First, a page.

Marino's house is still in the throes of a deep-cleaning session when we visit, a much-needed scrubdown following his annual block party that went off a few days before we arrived. The throwdown attracted almost 2000 friends to this humble hamlet, and Marino says plenty of his neighbors--if you can call folks living several acres away "neighbors"--stopped by to chase a good time. Party action usually centers on the 35-foot in-ground heated pool ringed with a wooden deck holding a top-flight gas unit for grillin' up grub. There's even a full-sized Jacuzzi for relaxing after a long day on one wheel. "Or getting to know the ladies who follow me home," Marino jokes.
Marino's crew of loyal hangers-on--I swear, this guy rolls with a posse deeper than Mike Tyson's--does a fine job of straightening up the place. The only evidence left from the weekend-long blast is a couple of Porta-Johns still parked strategically around the yard. Oh, yeah, and a 20-foot-tall launch ramp built from seven tons of earth that Marino had delivered to his place for a little live entertainment.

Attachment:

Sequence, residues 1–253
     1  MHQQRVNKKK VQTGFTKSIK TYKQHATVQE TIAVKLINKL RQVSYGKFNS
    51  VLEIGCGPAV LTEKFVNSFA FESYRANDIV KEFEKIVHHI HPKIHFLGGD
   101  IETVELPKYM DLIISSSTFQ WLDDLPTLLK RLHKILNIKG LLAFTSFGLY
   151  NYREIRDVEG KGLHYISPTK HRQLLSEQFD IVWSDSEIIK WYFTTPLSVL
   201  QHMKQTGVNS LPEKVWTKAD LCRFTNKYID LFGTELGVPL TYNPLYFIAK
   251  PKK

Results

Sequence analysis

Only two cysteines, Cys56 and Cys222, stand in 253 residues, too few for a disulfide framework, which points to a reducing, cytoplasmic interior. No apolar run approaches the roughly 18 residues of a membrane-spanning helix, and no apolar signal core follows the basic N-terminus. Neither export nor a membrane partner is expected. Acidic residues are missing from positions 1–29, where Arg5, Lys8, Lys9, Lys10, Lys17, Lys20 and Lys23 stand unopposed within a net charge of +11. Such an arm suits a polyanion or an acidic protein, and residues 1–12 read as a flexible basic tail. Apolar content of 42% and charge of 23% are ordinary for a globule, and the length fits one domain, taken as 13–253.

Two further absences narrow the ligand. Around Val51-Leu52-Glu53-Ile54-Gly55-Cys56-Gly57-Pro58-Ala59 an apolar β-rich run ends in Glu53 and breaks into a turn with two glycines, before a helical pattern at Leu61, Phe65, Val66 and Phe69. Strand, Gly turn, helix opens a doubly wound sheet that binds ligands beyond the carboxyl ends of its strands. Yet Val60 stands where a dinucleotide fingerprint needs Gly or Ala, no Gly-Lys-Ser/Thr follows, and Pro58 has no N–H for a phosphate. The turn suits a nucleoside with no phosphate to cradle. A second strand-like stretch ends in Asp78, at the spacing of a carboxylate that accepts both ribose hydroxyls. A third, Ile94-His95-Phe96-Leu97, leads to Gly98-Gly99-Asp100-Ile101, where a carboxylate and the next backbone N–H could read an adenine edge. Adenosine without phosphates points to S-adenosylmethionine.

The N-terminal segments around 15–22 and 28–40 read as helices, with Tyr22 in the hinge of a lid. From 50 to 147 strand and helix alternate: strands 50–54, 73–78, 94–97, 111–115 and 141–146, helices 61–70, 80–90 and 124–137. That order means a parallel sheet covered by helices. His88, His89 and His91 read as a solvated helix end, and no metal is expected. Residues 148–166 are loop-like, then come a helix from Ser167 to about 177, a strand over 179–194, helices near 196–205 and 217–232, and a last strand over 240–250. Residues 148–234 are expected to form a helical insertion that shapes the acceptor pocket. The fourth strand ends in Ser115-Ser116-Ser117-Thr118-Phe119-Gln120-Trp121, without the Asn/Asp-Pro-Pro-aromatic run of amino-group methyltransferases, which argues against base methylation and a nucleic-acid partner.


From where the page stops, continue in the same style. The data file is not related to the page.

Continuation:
"[X-Games competitor] Dan Pastor is a good friend of mine, and he brought some of the guys by this year to fly jumps over my house during the party," Marino says, as if he's describing nothing more interesting than a barbecue recipe. "People were trippin'--guys were doing nac-nacs, Superman seat grabs and Indian airs over their heads while these girls were running around the pool. It was live." The party was one for the books, with so many people showing up that Marino, who throws a similar bash before each year's Starboyz Stunt Fest, shuttled guests back and forth to their cars in his custom, flame-painted golf cart.
Time for this self-described eligible and available bachelor to hit the clubs. One of his buds suggests he put away his new GSX-R1000 stunt bike for the night, and before we can step toward the attached garage, Marino is inside the living room on the bike, a raspy race canister drowning out the television. Wicking the throttle and squeezing the front brake, he spins the Suzuki's rear tire, throwing up a smokescreen of burnt rubber. In the living room.
"This," Marino shouts, pointing down at the floor, "is why I put diamond-plate flooring in here!"
True enough. I can't imagine Caraboolad ripping burnouts in his downtown Akron flat. Mama Mia next door would never go for that.